Making a product on standup comedy in 3 weeks!

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Introduction

Stand-up comedy is a popular comic style, where a comedian entertains a live audience with his jokes, quips, and observations. My interest in stand-up comedy was piqued during my school days – starting with Russel Peters. Today, thanks to YouTube, there are a lot of Indian stand-up comics whose work I like to follow. Most of the content that I watch is discovered through YouTube recommendations or through someone’s post on Facebook.

When I tried to find new content, I wasn’t able to find a place that curated or recommended similar content. I figured this was a need gap that had the potential for popularity and I wanted to see if I could build a platform around it to validate my hypothesis.

To build the Komedy.tv, I gave myself 3 weeks. Keeping a time constraint was strategic, as I wanted to focus on the core features and not create a bloated product without any validation.

Design

The initial design was conceptualized with a rough wireframe as seen below

Home Page

Comedians List Page

 

After making the wireframe, I used Sketch to create the mockups and then created HTML mocks of the same.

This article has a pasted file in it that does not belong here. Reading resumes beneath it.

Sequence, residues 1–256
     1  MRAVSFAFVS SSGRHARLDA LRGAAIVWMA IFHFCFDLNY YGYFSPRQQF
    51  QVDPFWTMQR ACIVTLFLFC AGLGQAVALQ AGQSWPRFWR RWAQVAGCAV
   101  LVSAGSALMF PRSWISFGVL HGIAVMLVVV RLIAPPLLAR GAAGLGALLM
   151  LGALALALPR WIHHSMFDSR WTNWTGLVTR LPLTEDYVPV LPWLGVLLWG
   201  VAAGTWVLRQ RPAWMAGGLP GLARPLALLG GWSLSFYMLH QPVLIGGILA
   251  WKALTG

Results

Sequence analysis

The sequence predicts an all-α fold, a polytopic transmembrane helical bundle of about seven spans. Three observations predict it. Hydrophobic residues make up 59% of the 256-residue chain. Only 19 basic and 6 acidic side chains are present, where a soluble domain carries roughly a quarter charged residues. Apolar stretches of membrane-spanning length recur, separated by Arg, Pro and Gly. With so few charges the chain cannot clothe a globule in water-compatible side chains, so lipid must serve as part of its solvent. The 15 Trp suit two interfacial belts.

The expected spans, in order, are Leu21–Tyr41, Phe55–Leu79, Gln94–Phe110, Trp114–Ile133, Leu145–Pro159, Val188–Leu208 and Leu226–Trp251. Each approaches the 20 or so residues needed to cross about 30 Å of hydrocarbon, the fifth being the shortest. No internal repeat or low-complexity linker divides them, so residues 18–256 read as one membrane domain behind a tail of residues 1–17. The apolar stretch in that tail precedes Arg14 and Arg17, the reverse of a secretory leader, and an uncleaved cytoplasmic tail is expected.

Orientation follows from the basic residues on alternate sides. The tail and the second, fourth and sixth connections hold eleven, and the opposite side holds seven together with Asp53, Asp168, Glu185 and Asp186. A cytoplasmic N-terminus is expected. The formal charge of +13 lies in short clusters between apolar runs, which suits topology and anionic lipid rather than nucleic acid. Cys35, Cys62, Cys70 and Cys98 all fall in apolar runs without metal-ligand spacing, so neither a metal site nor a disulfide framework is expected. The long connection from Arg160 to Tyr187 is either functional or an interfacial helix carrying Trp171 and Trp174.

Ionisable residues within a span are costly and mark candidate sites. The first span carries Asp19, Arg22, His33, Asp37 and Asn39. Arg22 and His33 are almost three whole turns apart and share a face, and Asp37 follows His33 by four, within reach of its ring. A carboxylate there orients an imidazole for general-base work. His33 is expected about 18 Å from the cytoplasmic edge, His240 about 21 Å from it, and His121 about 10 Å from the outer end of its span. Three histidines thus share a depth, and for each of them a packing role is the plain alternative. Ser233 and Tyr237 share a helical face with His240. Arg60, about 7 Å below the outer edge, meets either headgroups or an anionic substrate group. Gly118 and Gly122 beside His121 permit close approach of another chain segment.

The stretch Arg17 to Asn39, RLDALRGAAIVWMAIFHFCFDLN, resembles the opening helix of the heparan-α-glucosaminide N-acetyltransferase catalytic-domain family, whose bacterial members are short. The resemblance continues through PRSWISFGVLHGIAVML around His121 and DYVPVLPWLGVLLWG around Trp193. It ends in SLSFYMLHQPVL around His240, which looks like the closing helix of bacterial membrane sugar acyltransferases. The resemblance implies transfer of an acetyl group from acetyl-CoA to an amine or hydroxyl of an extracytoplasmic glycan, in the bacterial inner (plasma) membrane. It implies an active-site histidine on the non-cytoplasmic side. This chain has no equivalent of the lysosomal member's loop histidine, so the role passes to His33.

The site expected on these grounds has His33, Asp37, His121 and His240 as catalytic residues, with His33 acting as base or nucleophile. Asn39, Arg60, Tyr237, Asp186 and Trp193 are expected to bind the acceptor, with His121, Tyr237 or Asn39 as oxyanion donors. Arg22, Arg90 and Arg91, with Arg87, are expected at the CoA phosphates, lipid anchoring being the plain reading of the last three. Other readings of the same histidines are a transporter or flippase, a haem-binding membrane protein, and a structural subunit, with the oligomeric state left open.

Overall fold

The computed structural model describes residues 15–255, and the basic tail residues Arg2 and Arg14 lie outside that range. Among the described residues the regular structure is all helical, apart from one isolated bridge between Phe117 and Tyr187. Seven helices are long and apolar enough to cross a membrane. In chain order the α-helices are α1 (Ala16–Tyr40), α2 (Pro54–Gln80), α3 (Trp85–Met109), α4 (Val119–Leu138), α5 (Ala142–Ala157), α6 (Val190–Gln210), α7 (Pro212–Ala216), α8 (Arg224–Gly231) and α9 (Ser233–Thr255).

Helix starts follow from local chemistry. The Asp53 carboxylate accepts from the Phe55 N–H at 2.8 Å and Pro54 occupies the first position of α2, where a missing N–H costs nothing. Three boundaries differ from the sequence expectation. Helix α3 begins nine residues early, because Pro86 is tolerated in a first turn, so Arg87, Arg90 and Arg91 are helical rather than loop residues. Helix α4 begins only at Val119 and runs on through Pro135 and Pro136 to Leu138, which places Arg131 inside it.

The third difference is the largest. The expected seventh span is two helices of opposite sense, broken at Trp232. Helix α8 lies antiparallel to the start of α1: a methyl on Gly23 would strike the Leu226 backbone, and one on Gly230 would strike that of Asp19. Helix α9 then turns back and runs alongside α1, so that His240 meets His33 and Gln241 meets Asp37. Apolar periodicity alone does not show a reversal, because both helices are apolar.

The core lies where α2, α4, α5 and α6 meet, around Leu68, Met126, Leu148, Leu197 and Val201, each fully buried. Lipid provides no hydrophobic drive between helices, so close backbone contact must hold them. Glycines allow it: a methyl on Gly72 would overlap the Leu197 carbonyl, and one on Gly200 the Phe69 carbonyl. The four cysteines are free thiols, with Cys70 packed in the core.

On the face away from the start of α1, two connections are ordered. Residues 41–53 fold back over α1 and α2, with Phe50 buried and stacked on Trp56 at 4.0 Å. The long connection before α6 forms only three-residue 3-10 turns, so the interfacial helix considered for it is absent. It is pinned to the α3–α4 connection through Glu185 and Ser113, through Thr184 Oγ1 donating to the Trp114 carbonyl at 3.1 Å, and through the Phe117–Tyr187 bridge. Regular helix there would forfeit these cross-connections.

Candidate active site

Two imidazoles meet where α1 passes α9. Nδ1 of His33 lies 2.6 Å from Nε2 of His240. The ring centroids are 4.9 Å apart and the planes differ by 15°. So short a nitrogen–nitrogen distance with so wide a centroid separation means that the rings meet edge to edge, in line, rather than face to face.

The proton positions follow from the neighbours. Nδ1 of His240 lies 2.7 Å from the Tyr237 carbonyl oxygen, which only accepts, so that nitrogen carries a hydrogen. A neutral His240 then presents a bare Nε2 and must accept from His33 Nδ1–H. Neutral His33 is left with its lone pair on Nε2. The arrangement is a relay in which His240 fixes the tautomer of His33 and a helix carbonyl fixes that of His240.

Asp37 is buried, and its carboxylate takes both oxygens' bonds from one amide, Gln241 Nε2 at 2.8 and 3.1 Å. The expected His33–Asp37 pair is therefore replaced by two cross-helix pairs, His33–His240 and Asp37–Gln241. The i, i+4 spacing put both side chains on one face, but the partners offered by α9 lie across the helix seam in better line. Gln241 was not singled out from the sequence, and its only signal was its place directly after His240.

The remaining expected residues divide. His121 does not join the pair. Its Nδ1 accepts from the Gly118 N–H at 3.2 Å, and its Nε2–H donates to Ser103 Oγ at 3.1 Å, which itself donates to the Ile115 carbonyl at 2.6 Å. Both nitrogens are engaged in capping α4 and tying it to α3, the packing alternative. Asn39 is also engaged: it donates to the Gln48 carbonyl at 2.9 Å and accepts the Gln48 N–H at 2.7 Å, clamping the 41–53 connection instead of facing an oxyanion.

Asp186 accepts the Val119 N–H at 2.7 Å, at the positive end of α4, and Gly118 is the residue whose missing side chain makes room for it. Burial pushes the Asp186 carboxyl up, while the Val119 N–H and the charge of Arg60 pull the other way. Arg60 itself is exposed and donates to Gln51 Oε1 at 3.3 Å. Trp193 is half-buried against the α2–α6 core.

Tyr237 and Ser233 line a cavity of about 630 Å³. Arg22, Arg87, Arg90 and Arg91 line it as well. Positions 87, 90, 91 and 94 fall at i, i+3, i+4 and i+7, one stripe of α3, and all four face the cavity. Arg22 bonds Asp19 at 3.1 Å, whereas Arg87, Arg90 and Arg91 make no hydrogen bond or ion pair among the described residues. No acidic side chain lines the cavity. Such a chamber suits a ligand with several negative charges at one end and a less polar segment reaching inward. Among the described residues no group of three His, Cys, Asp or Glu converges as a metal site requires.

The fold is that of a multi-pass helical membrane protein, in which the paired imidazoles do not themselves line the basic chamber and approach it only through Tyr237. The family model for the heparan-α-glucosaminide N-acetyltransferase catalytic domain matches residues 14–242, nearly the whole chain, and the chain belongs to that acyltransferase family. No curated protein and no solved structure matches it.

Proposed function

Home Page

Comedians List Page

Comedians Profile Page

 

Some parts of the design changed as the product was getting built. The most noticeable was the background as seen in the final version below.

Home Page

 

Comedians List Page

Comedians Profile Page

Tech

The front end is primarily a combination of HTML, jQuery and Bootstrap. I believe in the use of the least number of components, hence no front-end framework like Angular/ React was used. If there are a lot component that need to be managed then these frameworks are useful.

The backend uses Django as the web framework and Postgres as the database.

The code is hosted on a Linode machine and nginx is the web server.

 

What now?

I’m in the process of getting feedback about the platform from users as well as the comedians. Also, when I started the project, I didn’t think much about monetization.

There is an excellent post by Jérémy Mouzin in Indiehackers about bootstrapping. He describes the list of businesses in Indiehackers that interest him and following are the common points among them:

“It’s a one-man business, it’s highly automated, there is very little customer support to do and it generates a lot of revenue each month”

This pretty much describes how I would like to evaluate my project as I prefer a business with this model.